It had been the legacy of an exacting childhood in strife-torn Europe, and his passing of the baton yesterday marked the end of perhaps the longest chapter in the Duke of Edinburgh’s life.
In a gesture rich in Royal symbolism, Philip relinquished the patronage of the Outward Bound Trust, the rugged adventure charity that has its roots at his old boarding school in the Scottish Highlands.
He passed it not to his eldest son, Charles – who had described the regime there as “Colditz with kilts” – but to his brother and fellow graduate, the Duke of York.
Philip had been one of the first pupils at Gordonstoun School, after it was set up in 1934 by Kurt Hahn, his mentor from Germany, who had fled from the Nazis.
Its timetable began with a 6.30am cold shower and a run before breakfast, followed by 45 minutes of athletics during the mid-morning break.
In the 1940s, Hahn created Outward Bound in the same mould, with a mission to instil physical fitness, self-discipline and initiative, and the Duke of Edinburgh Awards grew out of it. The 97-year-old Duke had remained its patron despite having stepped down from public service two years ago.
Prince Andrew said it was “an enormous privilege” to follow his father, adding that he had been interviewed by Philip for an earlier position as a Trustee.
“I have thoroughly enjoyed the challenges and rewards of guiding the Trust these past few years and with the wise counsel and guidance from my father,” Andrew said.
For Philip, who has described Hahn as “eccentric perhaps, innovator certainly, great beyond doubt”, his involvement with the Trust kept alive a link to the most significant period in his formative years.
He was submitted to the rigours of Gordonstoun after attending Hahn’s earlier school in Germany, in a period that saw his mother incarcerated for five years in a secure psychiatric clinic. Its lasting influence on him saw all three of his sons sent to the same school.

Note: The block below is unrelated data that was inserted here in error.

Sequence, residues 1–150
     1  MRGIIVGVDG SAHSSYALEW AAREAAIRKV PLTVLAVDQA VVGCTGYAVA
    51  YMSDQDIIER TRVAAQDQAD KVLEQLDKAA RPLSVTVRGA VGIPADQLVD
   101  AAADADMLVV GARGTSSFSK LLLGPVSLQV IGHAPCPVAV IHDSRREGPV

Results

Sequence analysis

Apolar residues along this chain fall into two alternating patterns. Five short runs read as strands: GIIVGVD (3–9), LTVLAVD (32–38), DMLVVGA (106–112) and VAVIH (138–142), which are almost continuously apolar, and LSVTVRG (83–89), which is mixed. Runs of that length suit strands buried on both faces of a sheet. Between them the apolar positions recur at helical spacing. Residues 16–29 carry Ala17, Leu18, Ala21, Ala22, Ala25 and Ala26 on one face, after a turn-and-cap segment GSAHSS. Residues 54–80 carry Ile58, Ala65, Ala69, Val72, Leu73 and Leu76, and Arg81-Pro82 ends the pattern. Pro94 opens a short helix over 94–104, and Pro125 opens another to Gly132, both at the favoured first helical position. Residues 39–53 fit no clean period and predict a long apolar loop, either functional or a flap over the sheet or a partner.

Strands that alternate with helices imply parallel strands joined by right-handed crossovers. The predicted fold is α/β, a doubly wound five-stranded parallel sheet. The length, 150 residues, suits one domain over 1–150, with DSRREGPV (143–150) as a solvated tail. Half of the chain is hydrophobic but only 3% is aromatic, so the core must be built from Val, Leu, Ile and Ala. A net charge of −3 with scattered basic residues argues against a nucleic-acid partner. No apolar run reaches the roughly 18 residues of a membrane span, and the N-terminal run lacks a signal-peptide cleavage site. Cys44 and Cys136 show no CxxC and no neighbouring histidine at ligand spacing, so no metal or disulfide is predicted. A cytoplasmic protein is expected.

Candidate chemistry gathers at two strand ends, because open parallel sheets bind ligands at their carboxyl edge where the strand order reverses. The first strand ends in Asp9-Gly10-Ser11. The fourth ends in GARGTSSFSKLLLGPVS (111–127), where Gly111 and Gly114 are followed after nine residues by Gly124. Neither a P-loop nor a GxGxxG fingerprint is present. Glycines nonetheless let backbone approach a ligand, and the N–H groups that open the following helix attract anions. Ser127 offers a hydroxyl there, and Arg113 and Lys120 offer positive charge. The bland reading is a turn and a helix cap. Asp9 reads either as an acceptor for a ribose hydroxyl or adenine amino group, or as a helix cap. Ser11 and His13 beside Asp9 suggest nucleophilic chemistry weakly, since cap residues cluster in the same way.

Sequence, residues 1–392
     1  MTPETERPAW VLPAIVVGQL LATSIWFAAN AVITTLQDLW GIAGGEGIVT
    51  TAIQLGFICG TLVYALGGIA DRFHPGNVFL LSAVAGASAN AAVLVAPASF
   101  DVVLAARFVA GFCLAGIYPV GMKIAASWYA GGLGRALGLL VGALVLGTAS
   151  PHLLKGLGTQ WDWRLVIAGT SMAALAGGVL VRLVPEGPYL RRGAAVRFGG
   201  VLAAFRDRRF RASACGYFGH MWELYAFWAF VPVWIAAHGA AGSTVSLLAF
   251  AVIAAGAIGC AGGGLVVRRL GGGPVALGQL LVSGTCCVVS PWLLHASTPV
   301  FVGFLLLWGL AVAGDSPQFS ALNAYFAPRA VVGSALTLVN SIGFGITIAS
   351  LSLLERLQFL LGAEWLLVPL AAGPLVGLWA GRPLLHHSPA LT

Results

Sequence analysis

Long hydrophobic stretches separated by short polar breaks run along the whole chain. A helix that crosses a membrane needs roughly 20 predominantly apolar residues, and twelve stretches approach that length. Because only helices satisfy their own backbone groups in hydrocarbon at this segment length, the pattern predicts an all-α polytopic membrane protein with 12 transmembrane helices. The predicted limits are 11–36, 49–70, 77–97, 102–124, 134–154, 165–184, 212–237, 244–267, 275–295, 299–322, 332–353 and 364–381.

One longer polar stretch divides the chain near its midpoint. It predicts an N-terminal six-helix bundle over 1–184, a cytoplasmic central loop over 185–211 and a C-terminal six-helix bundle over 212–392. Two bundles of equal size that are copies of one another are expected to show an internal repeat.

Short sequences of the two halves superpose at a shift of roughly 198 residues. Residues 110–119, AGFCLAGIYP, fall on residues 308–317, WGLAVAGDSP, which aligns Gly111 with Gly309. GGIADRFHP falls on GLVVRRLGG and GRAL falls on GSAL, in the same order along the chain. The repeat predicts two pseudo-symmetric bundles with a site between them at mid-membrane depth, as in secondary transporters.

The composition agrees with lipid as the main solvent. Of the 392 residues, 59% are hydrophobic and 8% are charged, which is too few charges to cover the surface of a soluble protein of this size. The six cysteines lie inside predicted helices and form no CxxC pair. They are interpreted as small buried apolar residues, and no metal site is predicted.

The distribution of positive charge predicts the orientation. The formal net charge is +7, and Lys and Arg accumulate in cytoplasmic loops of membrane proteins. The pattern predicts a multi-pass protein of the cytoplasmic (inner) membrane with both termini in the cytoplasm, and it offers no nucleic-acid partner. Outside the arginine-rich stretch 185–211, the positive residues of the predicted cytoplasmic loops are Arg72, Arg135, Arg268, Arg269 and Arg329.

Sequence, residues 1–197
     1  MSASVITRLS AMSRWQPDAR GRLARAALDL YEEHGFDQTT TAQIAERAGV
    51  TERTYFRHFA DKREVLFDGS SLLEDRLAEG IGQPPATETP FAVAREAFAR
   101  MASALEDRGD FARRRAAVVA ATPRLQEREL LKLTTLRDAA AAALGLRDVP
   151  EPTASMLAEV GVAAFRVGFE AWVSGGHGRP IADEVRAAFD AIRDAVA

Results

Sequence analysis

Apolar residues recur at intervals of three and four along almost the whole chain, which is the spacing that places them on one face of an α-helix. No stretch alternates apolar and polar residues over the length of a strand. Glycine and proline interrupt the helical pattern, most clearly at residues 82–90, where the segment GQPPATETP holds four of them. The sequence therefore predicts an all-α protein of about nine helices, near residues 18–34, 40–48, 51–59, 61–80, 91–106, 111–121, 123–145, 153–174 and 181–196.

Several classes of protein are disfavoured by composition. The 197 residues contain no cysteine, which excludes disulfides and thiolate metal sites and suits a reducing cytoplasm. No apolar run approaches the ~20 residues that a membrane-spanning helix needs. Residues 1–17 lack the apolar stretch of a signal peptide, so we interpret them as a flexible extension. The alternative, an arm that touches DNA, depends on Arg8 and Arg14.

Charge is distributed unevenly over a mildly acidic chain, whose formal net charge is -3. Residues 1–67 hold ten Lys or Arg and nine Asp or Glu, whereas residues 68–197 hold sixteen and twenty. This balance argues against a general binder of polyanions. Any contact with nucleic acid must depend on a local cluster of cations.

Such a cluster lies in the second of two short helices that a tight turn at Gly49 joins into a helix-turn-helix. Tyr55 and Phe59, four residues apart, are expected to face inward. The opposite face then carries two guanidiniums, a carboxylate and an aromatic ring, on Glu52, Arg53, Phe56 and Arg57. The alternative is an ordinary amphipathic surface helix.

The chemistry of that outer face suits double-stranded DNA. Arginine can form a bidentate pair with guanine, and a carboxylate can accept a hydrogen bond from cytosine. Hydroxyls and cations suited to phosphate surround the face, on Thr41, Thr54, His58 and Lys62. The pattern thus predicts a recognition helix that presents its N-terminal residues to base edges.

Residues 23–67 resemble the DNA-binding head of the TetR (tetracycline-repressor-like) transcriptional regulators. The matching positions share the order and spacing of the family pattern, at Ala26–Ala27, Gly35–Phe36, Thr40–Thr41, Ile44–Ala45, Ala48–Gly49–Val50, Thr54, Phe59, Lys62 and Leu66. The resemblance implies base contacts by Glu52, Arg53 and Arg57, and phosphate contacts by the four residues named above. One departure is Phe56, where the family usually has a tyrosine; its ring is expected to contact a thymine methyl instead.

Three years ago, the Duke attended the 30th anniversary of the Kurt Hahn Trust, established at Cambridge University, and his continuing support for his work has seen the Outward Bound Trust taken to more than 30 countries worldwide.
It has helped more than 1m young people to participate in experiential outdoor learning programmes designed to develop character.
“You were meant to suffer – it’s good for the soul,” Philip told recipients of gold Duke of Edinburgh Awards in 2013.
Nick Barrett, chief executive of the Outward Bound Trust, said the Duke had stayed “remarkably close” to the charity, challenging its board and engaging directly with young people who benefited from its programmes.
“The Duke of Edinburgh’s involvement has gone far beyond any mere call of duty,” he said.
“We are immensely thankful but also stronger for all his intelligent and thoughtful direction and interventions.”